CHURCH SCHOOL HANDBOOK LITIGATION PRECLUSION CLAUSES

Unlike public schools, private schools in general and church schools specifically, can adopt student handbook clauses that limit the right of students to remain enrolled or re-enroll if their parents or guardians decide to engage in litigation with the school or church.  The reason private schools and church schools can include such a provision is that they are not state actors and no constitutional rights of the student or parent are implicated.  The rights of the private schools and students are contractual at best and the handbook can be part of the contract terms.

In Phillips v Archdiocese of Newark, Slip Op. Unpublished (NJ App., 2020), the parents wanted alleged bullying addressed, demanded one child be named 8th grade class valedictorian, and refused to allow a daughter to play on the boys’ basketball team when insufficient girls volunteered to play preventing team formation.  When their demands were not met, they sued the church and school.  Initially, the children were expelled because of violation of the school handbook litigation preclusion clause but the church and school allowed the students to return.  The trial judge entered an order requiring the school to allow the female student to play on the boys’ basketball team for the remainder of the school year when insufficient players emerged to form a female squad.  A month after the students were allowed back and the judge ordered the student to be allowed to be a player, the parents sought to name eighty members of the school and church as defendants.  The church and school refused to re-enroll the students for the next school year.  It should be noted the church school was a K – 8th grade school.  The trial court refused to order re-enrollment and awarded discovery sanctions against the parents of $16,516 for refusing to answer questions at depositions.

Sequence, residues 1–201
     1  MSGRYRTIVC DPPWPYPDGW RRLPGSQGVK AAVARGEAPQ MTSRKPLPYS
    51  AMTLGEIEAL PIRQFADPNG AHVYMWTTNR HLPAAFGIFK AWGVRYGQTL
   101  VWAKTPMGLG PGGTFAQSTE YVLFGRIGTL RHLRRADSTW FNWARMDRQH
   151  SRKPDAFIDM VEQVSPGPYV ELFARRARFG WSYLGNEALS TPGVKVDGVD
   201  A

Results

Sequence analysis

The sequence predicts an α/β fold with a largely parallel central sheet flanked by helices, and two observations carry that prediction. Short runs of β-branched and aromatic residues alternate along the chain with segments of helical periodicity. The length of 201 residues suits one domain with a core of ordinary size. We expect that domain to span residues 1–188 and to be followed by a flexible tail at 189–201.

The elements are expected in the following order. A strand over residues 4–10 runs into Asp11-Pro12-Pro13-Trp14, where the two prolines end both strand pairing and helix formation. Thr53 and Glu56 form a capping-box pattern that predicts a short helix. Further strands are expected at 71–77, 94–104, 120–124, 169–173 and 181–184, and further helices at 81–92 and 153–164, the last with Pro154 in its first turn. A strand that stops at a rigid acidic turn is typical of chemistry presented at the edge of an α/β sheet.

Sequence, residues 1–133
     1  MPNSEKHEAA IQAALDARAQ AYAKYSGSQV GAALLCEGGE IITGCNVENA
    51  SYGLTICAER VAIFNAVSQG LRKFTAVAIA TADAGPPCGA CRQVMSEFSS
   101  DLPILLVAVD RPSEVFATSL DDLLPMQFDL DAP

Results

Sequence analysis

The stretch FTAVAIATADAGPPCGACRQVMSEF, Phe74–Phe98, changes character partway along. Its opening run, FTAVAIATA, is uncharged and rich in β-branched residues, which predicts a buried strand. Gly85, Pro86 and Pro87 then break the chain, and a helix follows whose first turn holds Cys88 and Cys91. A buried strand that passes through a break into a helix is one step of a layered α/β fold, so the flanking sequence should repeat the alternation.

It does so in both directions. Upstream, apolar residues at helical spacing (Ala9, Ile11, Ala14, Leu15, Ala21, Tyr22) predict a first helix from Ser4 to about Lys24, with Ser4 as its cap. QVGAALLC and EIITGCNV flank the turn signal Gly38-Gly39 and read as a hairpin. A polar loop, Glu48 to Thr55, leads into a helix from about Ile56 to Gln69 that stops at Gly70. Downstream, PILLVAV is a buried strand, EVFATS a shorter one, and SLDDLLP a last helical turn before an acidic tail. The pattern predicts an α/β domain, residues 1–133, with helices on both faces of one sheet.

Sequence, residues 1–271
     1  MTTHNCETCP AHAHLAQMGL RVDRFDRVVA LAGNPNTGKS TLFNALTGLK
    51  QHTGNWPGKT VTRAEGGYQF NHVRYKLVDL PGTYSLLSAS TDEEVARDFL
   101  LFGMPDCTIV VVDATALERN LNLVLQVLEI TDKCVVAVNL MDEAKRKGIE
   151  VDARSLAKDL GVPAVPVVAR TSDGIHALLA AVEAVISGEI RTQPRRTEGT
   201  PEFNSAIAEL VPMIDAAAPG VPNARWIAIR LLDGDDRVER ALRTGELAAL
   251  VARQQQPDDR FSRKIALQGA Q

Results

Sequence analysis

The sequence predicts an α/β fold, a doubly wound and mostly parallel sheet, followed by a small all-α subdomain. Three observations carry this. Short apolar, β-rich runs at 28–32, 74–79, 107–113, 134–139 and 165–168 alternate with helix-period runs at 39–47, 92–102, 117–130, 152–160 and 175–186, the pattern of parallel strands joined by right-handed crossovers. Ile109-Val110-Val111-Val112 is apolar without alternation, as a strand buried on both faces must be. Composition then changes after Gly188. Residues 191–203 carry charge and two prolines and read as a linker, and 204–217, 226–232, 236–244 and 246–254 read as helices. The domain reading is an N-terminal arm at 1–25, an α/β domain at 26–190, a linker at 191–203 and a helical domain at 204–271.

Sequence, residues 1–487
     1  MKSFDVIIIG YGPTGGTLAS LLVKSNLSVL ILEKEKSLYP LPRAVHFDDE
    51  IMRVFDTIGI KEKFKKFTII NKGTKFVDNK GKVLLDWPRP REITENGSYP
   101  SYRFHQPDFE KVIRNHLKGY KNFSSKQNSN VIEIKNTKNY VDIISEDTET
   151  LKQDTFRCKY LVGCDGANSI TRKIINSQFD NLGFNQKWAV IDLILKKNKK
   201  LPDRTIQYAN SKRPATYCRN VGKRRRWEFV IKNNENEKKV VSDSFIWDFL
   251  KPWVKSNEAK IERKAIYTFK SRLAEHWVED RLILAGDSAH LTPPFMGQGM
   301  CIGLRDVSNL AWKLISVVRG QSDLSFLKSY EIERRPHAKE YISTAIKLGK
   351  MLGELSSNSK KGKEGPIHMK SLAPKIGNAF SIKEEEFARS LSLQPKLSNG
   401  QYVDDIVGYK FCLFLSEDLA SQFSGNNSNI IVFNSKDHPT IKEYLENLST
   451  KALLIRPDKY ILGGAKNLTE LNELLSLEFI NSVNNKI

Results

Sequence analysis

School handbook litigation preclusion clauses are enforceable in many states.  Some courts may attempt to preserve the status quo during the pendency of a case by holding them in abeyance temporarily.  Most will recognize that the litigation has sufficiently disrupted the status quo that preservation is not likely.  Like any regulatory handbook measure, history seems to teach that hesitancy in enforcement merely prolongs the dispute.  Thus, such a clause should be enforced, if it is to be used at all, without delay, second chances or second guessing.

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